of a substantial defense. Similarly, the failure to make an
adequate investigation is ineffective assistance of counsel
if it undermines confidence in the trial's outcome."
Id. (quotation marks, citations, and alteration
first address defendant's argument that his trial counsel
was ineffective because he failed to call Dr. Hamilton as an
expert witness. Dr. Hamilton reviewed BH's medical
records and authored a report opining that there was no
evidence of trauma in BH's spine; rather, in Dr.
Hamilton's opinion, the damage to BH's spine was
caused by whatever unidentified event caused his brain to
swell, which was not necessarily a "shaking-type
trauma." Dr. Hamilton ultimately concluded that "it
[was] not possible to make the neuropathologic diagnoses of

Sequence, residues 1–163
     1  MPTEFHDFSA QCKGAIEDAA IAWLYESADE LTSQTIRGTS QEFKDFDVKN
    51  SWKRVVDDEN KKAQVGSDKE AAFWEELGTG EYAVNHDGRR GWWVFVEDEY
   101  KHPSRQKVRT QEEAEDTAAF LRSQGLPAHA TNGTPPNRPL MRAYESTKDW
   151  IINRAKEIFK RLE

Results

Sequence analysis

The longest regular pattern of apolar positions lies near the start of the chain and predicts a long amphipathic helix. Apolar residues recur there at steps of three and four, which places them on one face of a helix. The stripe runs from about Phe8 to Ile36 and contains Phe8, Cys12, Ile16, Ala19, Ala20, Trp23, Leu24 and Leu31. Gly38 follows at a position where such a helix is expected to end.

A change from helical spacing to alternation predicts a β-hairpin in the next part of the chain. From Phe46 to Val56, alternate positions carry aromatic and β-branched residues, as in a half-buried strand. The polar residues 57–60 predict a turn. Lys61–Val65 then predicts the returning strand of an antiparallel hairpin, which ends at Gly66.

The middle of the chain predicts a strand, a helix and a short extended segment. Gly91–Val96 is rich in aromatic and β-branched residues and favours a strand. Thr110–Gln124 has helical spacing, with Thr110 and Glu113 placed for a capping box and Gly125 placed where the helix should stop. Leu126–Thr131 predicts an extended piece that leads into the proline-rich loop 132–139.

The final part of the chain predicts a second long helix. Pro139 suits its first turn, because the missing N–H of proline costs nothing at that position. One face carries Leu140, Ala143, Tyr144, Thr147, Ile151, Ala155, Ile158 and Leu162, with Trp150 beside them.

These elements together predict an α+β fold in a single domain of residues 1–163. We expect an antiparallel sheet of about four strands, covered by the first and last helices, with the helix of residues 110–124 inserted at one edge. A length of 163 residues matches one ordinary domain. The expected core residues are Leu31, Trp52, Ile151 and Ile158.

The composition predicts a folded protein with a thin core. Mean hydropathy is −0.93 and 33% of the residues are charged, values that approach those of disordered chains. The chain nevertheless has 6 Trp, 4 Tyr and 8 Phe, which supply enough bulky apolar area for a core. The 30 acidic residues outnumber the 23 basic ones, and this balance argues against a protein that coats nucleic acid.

'shaking' or 'whiplash, '" which largely
contradicted the prosecution's theory of the case.
Defendant argues that defense counsel erred when he failed to
call Dr. Hamilton as a witness to present these conclusions
to the jury, and that this failure prejudiced him. We
has not shown that Dr. Hamilton's testimony would have
provided him a "substantial defense" not otherwise
available. See id. This is because the conclusions
contained in Dr. Hamilton's report were, in
fact, presented to the jury. First, defendant's counsel
presented Dr. Hamilton's report during the testimony of
Dr. Carl Schmidt, and Dr. Schmidt confirmed more than once
that Dr. Hamilton did not believe BH's injuries could
have been "caused by shaking." Dr. Hamilton's
report was then presented a second time during the testimony
of Dr. Evan Matshes. Dr. Matshes confirmed that Dr. Hamilton
had concluded there was no evidence of whiplash, shaking, or
jerking. With two separate experts testifying to the
conclusions derived from Dr. Hamilton's report, we fail